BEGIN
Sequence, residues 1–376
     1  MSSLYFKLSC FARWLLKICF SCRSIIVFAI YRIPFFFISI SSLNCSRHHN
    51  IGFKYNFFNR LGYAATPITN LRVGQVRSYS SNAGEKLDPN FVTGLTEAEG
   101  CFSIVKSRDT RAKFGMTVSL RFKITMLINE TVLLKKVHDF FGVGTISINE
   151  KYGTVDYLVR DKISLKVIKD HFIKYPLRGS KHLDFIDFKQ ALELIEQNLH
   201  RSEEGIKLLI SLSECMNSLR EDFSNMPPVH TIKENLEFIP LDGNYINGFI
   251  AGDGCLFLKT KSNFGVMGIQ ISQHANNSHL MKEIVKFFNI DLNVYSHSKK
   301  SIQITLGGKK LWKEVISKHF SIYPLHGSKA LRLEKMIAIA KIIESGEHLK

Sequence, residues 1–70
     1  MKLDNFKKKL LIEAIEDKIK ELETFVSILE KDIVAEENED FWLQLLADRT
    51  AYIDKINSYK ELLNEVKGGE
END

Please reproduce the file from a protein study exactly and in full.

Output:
Sequence, residues 1–376
     1  MSSLYFKLSC FARWLLKICF SCRSIIVFAI YRIPFFFISI SSLNCSRHHN
    51  IGFKYNFFNR LGYAATPITN LRVGQVRSYS SNAGEKLDPN FVTGLTEAEG
   101  CFSIVKSRDT RAKFGMTVSL RFKITMLINE TVLLKKVHDF FGVGTISINE
   151  KYGTVDYLVR DKISLKVIKD HFIKYPLRGS KHLDFIDFKQ ALELIEQNLH
   201  RSEEGIKLLI SLSECMNSLR EDFSNMPPVH TIKENLEFIP LDGNYINGFI
   251  AGDGCLFLKT KSNFGVMGIQ ISQHANNSHL MKEIVKFFNI DLNVYSHSKK
   301  SIQITLGGKK LWKEVISKHF SIYPLHGSKA LRLEKMIAIA KIIESGEHLK

Sequence, residues 1–70
     1  MKLDNFKKKL LIEAIEDKIK ELETFVSILE KDIVAEENED FWLQLLADRT
    51  AYIDKINSYK ELLNEVKGGE